Board 14 Fights Broad Channel Cell Tower
The board’s opposition to the tower, to be erected behind the Mama’s Italian Ice trailer at 816 Cross Bay Boulevard, is spelled out in a July 12 letter to Patricia L. Lancaster, Commissioner of the Department of Buildings.
“The district office of Community Board #14 strongly opposes the issuance of permit #401833780… for the purpose of constructing a 30-foot cell tower with accompanying telecommunications cabinet,” begins the letter written by CB14 District Manager Jonathan Gaska.
“Our concern is that this location is directly adjacent to a number of homes and questions of safety and appearance remain unanswered. The Broad Channel community has come a long way over the last decade and this industrial-like use is out of context with the surrounding neighborhood,” the letter continues. “I ask that you rescind this permit.”
Gaska voiced a less restrained opinion of the tower in an interview with The Wave this week.
“Aesthetically its going to look like s—-,” he said.
The DOB, meanwhile, says CB14’s concern is misdirected.
“We will not get involved,” DOB Spokesperson Jennifer Givner declared. “We can’t rescind a permit based on appearance. We would have to have some other justification,” she added.
Givner, who was irked by the letter’s suggestion that DOB could prevent the tower from going up, said the department is concerned only with the structural stability of the tower and its supports.
The DOB did issue a stop work order at the site in May when an inspector discovered the Mama’s Italian ices trailer, which is not covered by the property’s certificate of occupancy.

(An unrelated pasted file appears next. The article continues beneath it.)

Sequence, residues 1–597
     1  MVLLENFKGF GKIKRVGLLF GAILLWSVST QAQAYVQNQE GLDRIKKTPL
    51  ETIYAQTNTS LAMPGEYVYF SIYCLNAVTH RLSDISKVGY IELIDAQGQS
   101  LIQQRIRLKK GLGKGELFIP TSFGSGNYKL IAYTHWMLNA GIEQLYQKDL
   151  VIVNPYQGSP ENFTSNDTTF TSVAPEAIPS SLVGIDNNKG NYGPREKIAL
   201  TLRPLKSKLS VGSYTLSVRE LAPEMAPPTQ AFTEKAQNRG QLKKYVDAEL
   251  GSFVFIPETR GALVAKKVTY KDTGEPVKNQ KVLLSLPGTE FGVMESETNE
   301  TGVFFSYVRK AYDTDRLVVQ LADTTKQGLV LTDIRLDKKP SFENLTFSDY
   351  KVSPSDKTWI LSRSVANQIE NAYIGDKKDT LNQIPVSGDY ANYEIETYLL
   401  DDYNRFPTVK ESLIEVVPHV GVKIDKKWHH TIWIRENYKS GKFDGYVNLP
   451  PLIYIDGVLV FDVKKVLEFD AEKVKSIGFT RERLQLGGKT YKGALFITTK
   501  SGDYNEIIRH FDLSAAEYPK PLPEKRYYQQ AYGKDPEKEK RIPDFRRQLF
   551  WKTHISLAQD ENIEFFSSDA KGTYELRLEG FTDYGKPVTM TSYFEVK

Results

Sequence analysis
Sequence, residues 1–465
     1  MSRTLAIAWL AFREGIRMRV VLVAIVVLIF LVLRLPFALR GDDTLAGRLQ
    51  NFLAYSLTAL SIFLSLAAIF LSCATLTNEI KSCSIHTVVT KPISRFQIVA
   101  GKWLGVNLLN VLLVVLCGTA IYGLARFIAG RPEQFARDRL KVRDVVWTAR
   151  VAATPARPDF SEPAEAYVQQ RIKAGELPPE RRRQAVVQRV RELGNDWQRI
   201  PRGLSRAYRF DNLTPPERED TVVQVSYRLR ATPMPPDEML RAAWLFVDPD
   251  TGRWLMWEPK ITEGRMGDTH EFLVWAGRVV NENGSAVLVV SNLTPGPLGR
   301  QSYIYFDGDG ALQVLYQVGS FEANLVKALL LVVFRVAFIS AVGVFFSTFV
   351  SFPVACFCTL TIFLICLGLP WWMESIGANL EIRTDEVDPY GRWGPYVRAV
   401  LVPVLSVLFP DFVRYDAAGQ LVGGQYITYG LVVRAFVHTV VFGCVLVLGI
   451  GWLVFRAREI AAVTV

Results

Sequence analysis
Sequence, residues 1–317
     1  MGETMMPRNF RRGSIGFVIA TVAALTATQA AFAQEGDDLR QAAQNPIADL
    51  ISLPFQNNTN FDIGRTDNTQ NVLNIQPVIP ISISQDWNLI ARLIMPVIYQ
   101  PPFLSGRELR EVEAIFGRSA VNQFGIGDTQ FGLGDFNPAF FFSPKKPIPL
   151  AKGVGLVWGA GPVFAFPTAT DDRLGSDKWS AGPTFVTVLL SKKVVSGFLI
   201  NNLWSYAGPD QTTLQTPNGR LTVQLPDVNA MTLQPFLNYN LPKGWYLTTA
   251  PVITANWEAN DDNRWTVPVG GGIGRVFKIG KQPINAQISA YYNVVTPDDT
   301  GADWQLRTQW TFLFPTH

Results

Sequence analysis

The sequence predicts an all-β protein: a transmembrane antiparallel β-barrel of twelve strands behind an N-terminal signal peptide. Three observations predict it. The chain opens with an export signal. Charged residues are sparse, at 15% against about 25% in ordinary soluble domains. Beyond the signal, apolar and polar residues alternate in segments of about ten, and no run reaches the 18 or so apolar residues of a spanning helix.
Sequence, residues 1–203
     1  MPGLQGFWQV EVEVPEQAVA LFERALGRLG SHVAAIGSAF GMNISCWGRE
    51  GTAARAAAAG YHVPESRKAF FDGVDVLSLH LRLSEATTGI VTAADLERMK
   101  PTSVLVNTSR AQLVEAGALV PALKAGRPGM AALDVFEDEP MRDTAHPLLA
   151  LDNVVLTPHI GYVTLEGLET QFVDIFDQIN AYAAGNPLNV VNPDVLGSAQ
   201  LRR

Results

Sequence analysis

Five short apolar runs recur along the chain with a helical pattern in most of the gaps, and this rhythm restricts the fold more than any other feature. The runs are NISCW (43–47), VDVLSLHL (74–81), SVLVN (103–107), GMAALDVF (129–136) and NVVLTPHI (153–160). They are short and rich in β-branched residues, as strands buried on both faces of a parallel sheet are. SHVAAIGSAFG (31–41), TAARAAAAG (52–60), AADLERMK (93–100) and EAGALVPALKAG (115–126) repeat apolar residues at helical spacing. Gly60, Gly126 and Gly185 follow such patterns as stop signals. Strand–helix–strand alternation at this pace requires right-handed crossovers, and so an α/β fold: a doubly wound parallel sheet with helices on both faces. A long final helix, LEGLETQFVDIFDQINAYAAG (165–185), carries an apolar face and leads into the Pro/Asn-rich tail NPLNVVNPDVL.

Joseph Porto, the Howard Beach resident who owns the property, is meeting Monday with a committee formed by the Broad Channel Civic Association. Porto and BCCA members were reluctant to speak with The Wave until the outcome of that meeting is known.
Porto did acknowledge the two major complaints against the tower.
“I’m still working with the community to put it in the best position,” Porto said addressing the concern over how the tower will look. “I don’t understand why [people would think] it’s an eyesore.”
As for the health concerns, Porto says he can’t find credible evidence to suggest that the tower would create a danger to people.
The Wave first reported that cellular operators were scouting locations on Broad Channel in October, 2003. That story reported that the Federal Communications Commission, which shared overlapping jurisdiction over cell towers with the Federal Food and Drug Administration, all but dismisses the notion of the antennas causing health risks.
“In order to be exposed to levels at or near the FCC limits for cellular or PCS (personal cellular service) frequencies, an individual would have to remain in the main transmitted radio signal (at height of antenna) and within a few feet from the antenna,” according to the safety section of the FCC’s website.
Community members, property owners and cellular operators have been clashing city-wide as cell phones continue to proliferate and the network that supports them grows.
Property owners are generally attracted to the deal because it typically takes an unused part of their property and converts it into a source of income. Rooftop leases reportedly can bring the property owner nearly $20,000 annually.